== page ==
Effects of Contract on a Third Party in the UAE
Posted on 4th April 2010 by Camille Paldi,
The Civil Transactions Law, Federal Law No. 5 of 1985
The effect of a contract shall apply to a contracting parties and universal successors without prejudice to the rules of inheritance unless it appears from the contract or from the nature of a transaction or from the provisions of the law that such an effect does not apply to universal successors.
If a contract creates private rights relating to an item whose title passes thereafter to a single successor, such rights shall pass to said successor at the time when the title to such a thing is transferred if they are an inseparable part thereof, provided, and the single successor is aware of them at the time when the title to said item has been transferred to him.
A contract shall not impose an obligation upon a third party but may create a right in his favor.
- If a person undertakes to bind a third party to do something he shall not bind such third party to accept his undertaking; however, if the third party refuses to be under obligation, the undertaking person must compensate the party with whom he has entered into contract.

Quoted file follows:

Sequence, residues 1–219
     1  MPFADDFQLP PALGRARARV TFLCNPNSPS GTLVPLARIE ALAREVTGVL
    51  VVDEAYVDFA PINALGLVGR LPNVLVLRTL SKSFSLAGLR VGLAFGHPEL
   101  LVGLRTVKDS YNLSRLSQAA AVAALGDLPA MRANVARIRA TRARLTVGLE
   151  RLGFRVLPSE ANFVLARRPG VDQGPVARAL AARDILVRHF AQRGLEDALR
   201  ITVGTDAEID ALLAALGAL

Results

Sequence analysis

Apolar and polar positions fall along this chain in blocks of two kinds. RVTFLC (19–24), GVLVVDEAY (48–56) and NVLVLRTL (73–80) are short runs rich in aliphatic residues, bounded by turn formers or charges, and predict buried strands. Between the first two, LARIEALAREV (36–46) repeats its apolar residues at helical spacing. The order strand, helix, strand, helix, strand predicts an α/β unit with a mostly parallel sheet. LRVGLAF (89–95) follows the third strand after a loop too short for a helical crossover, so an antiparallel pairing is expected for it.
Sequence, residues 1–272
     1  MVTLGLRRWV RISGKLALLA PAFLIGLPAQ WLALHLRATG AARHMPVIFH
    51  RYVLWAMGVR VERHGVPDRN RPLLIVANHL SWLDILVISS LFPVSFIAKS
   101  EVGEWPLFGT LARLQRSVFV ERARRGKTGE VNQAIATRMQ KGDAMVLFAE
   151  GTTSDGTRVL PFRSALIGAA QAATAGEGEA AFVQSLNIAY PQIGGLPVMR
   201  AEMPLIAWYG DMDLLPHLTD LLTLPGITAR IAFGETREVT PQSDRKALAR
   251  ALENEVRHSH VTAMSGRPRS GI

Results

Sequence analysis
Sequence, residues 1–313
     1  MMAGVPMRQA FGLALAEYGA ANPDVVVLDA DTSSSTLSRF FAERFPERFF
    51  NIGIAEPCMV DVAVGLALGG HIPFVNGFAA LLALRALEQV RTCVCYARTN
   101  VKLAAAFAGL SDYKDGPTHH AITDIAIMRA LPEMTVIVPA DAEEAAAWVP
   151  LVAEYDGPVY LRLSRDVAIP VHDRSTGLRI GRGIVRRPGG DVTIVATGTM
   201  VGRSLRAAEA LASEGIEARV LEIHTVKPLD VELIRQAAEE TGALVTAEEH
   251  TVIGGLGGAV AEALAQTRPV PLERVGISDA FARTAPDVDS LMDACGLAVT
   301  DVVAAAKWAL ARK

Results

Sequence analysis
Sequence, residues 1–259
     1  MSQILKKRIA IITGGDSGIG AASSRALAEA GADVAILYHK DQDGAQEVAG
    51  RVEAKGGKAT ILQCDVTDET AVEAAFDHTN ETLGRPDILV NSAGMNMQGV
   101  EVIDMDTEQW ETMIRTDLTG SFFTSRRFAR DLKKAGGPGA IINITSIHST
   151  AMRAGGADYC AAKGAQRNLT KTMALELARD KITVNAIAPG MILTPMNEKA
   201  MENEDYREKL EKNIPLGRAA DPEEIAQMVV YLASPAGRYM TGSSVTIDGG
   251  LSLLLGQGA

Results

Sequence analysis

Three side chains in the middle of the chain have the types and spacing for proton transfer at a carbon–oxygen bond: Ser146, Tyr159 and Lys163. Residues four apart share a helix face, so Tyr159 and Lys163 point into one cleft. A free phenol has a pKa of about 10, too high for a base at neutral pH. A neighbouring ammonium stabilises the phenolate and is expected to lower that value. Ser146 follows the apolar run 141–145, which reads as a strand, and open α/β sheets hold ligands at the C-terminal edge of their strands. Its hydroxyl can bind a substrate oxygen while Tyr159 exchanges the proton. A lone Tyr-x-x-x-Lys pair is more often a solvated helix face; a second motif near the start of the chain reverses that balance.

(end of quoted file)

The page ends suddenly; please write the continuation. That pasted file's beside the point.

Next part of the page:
- However if a third party accepts such an undertaking, his acceptance shall not produce an effect except from the time it has been made unless he intends explicitly or impliedly to make such an acceptance effective as of the date on which the undertaking is made.
- A person may, in his name, stipulate in a contract rights for the benefit of a third party if he has a material or moral interest in performing them.
- As a result of such a stipulation, the third party shall acquire a direct right against the person who undertakes to perform the stipulation and can raise a claim against him for discharge thereof unless it is agreed otherwise however the undertaker may plead for exceptions arising from the contract against the beneficiary.
- The stipulator may also demand that the undertaker perform what has been stipulated for the benefit of the beneficiary unless it becomes clear from the contract that the beneficiary alone has the right to make such a demand.
- A stipulator may revoke the stipulation against his creditor or heirs before a beneficiary notifies the undertaker or stipulator of his desire to benefit therefrom, unless it is contrary to the provisions of the contract.
- Revocation of a stipulation shall not result in discharging the undertaker of his obligation towards the stipulator unless it is agreed explicitly or impliedly to the contrary. Â A stipulator may replace one usufructuary with another and may have the right to inure solely from the benefit of the stipulation.
Where a stipulation is made in favor of a third party; a usufructuary may be a future person or future authority, and may be a person or an authority not appointed at the time of contract since their appointment can be made at any time the contract produces its effect according to the terms of stipulation.
Posted on 4th April 2010 by Camille Paldi